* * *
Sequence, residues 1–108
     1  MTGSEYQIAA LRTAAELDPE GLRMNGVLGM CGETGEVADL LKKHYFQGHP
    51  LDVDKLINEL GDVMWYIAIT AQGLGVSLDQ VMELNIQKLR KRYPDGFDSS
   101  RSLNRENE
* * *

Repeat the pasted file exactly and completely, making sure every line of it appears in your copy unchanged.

Sequence, residues 1–108
     1  MTGSEYQIAA LRTAAELDPE GLRMNGVLGM CGETGEVADL LKKHYFQGHP
    51  LDVDKLINEL GDVMWYIAIT AQGLGVSLDQ VMELNIQKLR KRYPDGFDSS
   101  RSLNRENE